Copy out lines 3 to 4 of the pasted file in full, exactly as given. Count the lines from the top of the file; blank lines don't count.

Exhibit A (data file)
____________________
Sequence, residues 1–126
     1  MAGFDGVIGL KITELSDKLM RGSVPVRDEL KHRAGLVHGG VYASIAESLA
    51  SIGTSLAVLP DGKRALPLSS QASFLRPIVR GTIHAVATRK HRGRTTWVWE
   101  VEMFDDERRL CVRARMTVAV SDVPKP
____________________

    51  SIGTSLAVLP DGKRALPLSS QASFLRPIVR GTIHAVATRK HRGRTTWVWE
   101  VEMFDDERRL CVRARMTVAV SDVPKP